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Santa Fe committee OKs study of tunnel under St. Mike’s



Lorenzo Delgado rides his bike across St. Michael\’s Drive along the Rail Trail in Santa Fe Monday. The city is considering building a pedestrian/cyclist underpass to replace the surface crossing. (Eddie Moore/Journal)

SANTA FE — A proposal to spend $41,000 of city funds to design a pedestrian/bicycle underpass for the Rail Trail beneath St. Michael’s Drive was approved without discussion by the City Council’s Public Works Committee on Monday.

In all, the study is expected to cost about $285,000. But the state Department of Transportation (DOT) would pay $243,000 of the costs, using funding from the federal Congestion Mitigation/Air Quality Program.

The study proposal is also scheduled to be heard by the Finance Committee on Jan. 21 before coming before the City Council for final approval on Jan. 29.

According to a memo from Public Works Director Regina Wheeler, New Mexico DOT conducted a Roadside Safety Audit at the location to determine if improvements were needed to enhance safety and decrease delays for pedestrians and bicyclists crossing St. Michael’s Drive, a busy state highway which has six lanes at the Rail Trail crossing.

“The preferred alternative from the study was an underpass or tunnel crossing,” the memo states.

If the underpass is built, it would be the second tunnel in Santa Fe built under a state road to accommodate pedestrian and bicycle traffic.

In 2017, an underpass was constructed beneath St. Francis Drive just north of the intersection with Cerrillos Road to avoid delays for those utilizing the Acequia Trail as it enters the Railyard from the south. The cost for that project totaled about $6 million.

Also on Monday, after about an hour of discussion, the committee approved the proposed sale of a 10,242 square foot city-owned building in the Railyard District that formerly housed Santa Fe Clay, but with amendments that will be considered by the Finance Committee on Jan. 21.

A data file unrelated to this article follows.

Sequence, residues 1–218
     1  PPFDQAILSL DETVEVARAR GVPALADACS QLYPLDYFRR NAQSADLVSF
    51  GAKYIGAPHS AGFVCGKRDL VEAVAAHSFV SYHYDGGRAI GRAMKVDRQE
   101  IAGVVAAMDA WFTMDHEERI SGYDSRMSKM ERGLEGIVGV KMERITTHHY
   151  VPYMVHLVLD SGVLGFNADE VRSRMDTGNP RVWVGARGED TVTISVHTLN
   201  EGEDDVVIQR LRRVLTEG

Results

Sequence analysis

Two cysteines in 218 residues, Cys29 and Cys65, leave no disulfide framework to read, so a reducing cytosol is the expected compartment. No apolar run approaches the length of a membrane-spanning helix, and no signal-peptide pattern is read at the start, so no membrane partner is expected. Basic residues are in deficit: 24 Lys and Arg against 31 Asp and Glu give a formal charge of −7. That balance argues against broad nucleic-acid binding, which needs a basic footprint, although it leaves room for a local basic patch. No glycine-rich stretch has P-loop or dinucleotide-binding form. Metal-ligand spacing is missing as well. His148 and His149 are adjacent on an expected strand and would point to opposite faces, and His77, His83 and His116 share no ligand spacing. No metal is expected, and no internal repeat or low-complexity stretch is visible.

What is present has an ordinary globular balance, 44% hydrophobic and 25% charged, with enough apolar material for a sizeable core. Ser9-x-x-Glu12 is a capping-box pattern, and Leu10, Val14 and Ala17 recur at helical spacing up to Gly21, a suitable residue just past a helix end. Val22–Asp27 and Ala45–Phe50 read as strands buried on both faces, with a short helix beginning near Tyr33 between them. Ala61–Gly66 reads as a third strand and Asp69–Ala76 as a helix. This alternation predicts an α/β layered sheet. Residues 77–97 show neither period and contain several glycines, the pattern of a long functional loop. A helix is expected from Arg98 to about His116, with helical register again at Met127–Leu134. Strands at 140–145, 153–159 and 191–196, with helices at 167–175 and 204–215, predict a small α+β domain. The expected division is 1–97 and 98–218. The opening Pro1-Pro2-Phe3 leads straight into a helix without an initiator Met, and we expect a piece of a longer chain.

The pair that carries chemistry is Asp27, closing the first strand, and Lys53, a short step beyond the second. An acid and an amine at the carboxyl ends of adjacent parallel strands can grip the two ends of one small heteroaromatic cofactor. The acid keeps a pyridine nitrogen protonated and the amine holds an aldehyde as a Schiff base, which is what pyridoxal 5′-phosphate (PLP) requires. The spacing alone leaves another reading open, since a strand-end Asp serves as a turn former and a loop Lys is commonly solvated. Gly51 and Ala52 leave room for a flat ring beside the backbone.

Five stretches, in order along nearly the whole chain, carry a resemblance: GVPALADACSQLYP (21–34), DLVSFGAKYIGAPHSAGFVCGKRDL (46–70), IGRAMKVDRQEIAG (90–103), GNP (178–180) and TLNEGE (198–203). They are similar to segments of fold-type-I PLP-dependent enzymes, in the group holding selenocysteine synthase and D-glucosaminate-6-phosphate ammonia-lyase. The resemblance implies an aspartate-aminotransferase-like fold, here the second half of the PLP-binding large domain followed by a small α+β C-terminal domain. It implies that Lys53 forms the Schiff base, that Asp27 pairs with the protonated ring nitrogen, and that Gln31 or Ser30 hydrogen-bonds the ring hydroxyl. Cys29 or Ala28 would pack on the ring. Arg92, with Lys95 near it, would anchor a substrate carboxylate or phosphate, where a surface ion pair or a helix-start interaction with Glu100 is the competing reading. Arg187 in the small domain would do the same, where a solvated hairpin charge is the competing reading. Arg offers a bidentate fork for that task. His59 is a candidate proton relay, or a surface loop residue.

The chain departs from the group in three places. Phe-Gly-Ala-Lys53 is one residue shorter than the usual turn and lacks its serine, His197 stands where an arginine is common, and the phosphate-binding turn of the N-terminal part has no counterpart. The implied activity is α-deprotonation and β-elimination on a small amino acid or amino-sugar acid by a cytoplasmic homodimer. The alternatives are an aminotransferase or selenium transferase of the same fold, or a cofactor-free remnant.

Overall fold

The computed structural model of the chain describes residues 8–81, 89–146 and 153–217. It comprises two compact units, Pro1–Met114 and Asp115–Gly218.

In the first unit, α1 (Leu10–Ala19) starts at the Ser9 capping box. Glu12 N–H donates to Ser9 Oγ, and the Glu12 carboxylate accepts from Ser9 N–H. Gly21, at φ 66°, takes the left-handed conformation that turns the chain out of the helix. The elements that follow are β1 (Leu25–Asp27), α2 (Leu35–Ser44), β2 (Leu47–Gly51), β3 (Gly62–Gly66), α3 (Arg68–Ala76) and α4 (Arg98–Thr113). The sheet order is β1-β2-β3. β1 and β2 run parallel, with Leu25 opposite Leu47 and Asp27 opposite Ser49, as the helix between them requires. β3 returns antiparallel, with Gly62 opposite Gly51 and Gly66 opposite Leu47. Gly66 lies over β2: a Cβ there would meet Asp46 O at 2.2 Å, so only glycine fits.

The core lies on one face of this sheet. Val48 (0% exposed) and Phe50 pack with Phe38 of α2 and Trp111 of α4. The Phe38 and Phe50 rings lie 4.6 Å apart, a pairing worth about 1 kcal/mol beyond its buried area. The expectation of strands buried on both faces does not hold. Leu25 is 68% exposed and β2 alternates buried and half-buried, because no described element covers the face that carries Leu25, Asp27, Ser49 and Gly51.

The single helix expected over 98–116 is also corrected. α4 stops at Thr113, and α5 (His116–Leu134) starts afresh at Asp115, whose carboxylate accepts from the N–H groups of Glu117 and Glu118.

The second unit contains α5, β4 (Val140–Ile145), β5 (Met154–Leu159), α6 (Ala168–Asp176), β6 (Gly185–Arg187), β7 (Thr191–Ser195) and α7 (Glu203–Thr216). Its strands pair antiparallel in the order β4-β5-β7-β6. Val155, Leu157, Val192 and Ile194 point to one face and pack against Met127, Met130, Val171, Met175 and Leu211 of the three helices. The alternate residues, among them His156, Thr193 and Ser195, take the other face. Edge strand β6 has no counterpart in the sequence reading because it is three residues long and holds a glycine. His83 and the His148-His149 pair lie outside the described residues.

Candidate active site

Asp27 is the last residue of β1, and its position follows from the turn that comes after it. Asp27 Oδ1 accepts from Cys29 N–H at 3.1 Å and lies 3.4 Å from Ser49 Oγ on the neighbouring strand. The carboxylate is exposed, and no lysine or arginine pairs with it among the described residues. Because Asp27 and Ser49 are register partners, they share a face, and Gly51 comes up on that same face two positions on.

City Councilor JoAnne Vigil Coppler and others expressed concerns about the proposed sale to Luna Capital Advisors, which plans on making improvements to the building and then leasing it.

Vigil Coppler was skeptical about the appraised value of the building, which came in at $150,000, also the proposed sale price. She thought that the property was worth more than that and noted that the County Assessor valued the building at $338,000.

The city retains ownership of land used by businesses in the Railyard. The sale price for the old Santa Fe Clay building does not include the cost of the ground lease — roughly $65,000 per year — that is paid to the Santa Fe Railyard Community Corp., the non-profit that manages the Railyard under a city contract.

Kris Axtell of Luna Capital wasn’t willing to disclosed a prospective tenant but said that after purchasing the building, Luna Capital expected to invest about $2.5 million for improvements to the structure, which the city has authorized to be demolished.

The committee voted 5-0 to approve the sale but with an amendment offered by Vigil Coppler directing staff to get another appraisal or for Luna Capital to come back with its best offer to buy the building.

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